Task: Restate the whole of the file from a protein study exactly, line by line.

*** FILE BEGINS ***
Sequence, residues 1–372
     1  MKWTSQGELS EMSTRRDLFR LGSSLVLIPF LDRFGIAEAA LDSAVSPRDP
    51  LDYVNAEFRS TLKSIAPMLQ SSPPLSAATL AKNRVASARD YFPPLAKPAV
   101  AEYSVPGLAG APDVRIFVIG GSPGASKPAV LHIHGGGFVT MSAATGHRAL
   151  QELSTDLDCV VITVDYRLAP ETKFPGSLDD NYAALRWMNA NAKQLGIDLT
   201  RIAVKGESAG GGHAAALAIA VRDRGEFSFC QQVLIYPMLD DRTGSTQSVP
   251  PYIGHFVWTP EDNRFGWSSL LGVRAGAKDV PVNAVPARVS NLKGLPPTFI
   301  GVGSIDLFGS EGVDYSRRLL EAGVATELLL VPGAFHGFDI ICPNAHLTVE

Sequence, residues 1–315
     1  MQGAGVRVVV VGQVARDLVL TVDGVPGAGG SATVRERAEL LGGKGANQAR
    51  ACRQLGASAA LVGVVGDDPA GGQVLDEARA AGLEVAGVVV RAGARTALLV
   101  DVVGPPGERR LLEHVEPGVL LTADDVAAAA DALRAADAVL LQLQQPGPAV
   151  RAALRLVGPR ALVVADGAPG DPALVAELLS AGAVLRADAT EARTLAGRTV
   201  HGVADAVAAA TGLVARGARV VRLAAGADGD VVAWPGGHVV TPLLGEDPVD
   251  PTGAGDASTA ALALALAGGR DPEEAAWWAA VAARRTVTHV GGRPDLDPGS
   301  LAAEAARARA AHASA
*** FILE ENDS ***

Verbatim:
Sequence, residues 1–372
     1  MKWTSQGELS EMSTRRDLFR LGSSLVLIPF LDRFGIAEAA LDSAVSPRDP
    51  LDYVNAEFRS TLKSIAPMLQ SSPPLSAATL AKNRVASARD YFPPLAKPAV
   101  AEYSVPGLAG APDVRIFVIG GSPGASKPAV LHIHGGGFVT MSAATGHRAL
   151  QELSTDLDCV VITVDYRLAP ETKFPGSLDD NYAALRWMNA NAKQLGIDLT
   201  RIAVKGESAG GGHAAALAIA VRDRGEFSFC QQVLIYPMLD DRTGSTQSVP
   251  PYIGHFVWTP EDNRFGWSSL LGVRAGAKDV PVNAVPARVS NLKGLPPTFI
   301  GVGSIDLFGS EGVDYSRRLL EAGVATELLL VPGAFHGFDI ICPNAHLTVE

Sequence, residues 1–315
     1  MQGAGVRVVV VGQVARDLVL TVDGVPGAGG SATVRERAEL LGGKGANQAR
    51  ACRQLGASAA LVGVVGDDPA GGQVLDEARA AGLEVAGVVV RAGARTALLV
   101  DVVGPPGERR LLEHVEPGVL LTADDVAAAA DALRAADAVL LQLQQPGPAV
   151  RAALRLVGPR ALVVADGAPG DPALVAELLS AGAVLRADAT EARTLAGRTV
   201  HGVADAVAAA TGLVARGARV VRLAAGADGD VVAWPGGHVV TPLLGEDPVD
   251  PTGAGDASTA ALALALAGGR DPEEAAWWAA VAARRTVTHV GGRPDLDPGS
   301  LAAEAARARA AHASA